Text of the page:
Blurring Lines

London Fashion Week will return in June as a digital, gender-neutral event
By Jake Hall | Fashion | 21 April 2020

Top image: Backstage at JW Anderson FW20, photography Emily Malan

After weeks of debate around the future of fashion week, the British Fashion Council has stepped up to offer an answer: in June, London Fashion Week will officially launch as a digital, gender-neutral event. A press release continued that, for the next twelve months, all London Fashion Weeks will merge womenswear and menswear into one gender-neutral platform, “to allow designers greater flexibility.”

The news comes amidst an inevitable, industry-wide pivot to digital, which has seen the likes of Shanghai, Tokyo and Moscow move their fashion weeks online. As for the move to gender-neutral, it makes perfect sense: co-ed runways have grown in popularity over the last few years, so this marks the logical next step.

In an official statement, Chief Executive Caroline Rush explained: “It is essential to look at the future and the opportunity to change, collaborate and innovate. Many of our businesses have always embraced London Fashion Week as a platform for not just fashion but for its influence on society, identity and culture. The current pandemic is leading us all to reflect more poignantly on the society we live in and how we want to live our lives and build businesses when we get through this. The other side of this crisis, we hope will be about sustainability, creativity and product that you value, respect, cherish. By creating a cultural fashion week platform, we are adapting to best fit our needs today and something to build on as a global showcase for the future.”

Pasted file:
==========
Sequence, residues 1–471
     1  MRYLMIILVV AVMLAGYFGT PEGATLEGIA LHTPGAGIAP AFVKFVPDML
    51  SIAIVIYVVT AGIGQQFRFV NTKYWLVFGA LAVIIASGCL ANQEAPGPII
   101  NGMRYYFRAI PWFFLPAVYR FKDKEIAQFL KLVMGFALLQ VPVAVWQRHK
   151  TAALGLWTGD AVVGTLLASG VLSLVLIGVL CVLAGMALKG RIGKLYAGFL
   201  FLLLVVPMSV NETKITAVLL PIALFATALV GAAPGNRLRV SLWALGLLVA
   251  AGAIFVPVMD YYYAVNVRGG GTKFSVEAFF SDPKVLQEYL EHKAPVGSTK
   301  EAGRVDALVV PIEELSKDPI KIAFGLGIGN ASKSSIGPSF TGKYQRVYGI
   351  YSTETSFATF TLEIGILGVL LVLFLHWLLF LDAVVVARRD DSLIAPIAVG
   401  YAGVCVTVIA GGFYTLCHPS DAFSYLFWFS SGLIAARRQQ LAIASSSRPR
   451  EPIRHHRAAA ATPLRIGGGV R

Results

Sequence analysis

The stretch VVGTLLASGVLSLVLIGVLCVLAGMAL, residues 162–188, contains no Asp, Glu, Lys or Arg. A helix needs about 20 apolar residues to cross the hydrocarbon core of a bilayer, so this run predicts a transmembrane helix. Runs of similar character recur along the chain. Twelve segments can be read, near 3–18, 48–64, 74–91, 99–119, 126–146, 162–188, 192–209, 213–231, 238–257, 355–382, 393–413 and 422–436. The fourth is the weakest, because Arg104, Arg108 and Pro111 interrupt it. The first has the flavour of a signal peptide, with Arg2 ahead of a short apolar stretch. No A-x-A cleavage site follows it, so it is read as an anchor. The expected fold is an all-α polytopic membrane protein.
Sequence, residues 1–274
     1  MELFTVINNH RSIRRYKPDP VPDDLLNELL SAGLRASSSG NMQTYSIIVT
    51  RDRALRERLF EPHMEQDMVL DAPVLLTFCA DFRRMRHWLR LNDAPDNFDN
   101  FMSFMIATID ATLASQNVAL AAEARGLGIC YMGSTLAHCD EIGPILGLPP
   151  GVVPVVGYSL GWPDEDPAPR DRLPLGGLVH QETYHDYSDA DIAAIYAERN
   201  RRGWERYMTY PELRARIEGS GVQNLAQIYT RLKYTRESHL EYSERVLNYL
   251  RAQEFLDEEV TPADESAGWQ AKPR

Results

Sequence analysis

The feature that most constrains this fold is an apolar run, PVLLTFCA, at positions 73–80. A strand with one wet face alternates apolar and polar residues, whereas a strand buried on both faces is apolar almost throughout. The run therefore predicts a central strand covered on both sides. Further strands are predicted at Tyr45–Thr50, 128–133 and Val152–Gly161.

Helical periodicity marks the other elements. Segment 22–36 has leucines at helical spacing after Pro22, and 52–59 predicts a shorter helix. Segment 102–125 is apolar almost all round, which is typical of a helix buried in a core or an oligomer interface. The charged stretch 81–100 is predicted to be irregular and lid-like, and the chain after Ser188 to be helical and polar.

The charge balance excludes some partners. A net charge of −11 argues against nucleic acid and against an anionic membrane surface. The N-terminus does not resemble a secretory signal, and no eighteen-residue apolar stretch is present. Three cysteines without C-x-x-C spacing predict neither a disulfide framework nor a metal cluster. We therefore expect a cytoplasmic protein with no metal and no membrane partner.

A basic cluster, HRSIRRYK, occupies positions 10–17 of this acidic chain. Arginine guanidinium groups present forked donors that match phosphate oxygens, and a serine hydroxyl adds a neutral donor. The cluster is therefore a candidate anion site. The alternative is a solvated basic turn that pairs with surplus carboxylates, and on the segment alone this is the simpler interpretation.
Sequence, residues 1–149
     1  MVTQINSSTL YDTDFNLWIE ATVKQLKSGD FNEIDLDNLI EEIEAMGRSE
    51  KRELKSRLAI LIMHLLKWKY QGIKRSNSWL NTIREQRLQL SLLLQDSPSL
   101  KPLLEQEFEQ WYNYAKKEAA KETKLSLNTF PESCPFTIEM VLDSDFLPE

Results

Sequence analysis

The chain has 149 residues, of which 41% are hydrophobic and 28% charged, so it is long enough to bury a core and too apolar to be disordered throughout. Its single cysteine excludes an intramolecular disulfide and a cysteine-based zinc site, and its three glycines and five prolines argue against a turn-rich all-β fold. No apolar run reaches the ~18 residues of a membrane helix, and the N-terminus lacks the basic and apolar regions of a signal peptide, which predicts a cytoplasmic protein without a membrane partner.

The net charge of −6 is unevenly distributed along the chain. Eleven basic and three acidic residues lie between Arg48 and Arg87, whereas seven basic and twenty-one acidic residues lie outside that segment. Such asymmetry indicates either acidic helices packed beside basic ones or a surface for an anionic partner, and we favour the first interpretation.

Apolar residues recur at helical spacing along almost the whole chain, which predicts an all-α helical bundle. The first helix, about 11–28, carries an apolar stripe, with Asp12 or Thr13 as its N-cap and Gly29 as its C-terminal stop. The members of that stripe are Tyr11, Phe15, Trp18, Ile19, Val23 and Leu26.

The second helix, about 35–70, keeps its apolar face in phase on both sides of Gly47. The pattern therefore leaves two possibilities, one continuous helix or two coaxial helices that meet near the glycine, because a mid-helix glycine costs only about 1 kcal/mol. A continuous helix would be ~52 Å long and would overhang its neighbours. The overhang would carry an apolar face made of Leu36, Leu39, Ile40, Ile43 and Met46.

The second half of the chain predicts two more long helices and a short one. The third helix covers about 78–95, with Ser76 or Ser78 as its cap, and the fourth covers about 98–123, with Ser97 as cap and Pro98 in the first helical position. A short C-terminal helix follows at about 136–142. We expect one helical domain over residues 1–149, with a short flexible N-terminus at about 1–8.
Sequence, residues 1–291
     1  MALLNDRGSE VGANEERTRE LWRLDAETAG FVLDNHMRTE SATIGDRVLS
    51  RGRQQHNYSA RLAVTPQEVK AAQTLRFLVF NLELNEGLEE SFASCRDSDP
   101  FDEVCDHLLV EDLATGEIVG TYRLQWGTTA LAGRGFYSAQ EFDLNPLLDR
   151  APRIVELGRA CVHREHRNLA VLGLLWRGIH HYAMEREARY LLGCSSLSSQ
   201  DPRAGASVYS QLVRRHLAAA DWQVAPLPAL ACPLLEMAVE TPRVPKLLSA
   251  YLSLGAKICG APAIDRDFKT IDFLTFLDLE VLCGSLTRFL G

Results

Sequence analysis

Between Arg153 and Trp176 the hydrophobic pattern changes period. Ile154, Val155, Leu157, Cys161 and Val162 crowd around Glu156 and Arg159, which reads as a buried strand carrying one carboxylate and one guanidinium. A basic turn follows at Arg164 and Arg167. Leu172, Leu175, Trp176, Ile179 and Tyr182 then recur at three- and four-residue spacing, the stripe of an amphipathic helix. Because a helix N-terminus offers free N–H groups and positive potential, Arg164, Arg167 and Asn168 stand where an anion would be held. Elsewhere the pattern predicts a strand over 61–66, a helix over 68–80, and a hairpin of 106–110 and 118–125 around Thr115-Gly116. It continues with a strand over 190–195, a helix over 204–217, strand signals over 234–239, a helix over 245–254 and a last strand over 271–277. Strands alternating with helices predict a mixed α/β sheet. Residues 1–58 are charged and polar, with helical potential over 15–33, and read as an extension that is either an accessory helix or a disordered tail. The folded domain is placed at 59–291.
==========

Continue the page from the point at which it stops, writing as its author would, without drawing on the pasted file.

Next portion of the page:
Rush continues by explaining that the digital platform will emphasise storytelling, and encourage London’s designers to engage with a wider, global community. A whole host of multimedia content is promised, with a focus on collaboration across culture, fashion and technology. Alongside shows, interviews, podcasts and seminars will also be available, democratising the usually exclusive nature of fashion week by opening it up entirely to the public.

“We hope that, as well as personal perspectives on this difficult time, there will be inspiration in bucketloads,” Rush concludes. “It is what British fashion is known for.”

The London Fashion Week website will officially relaunch in June.

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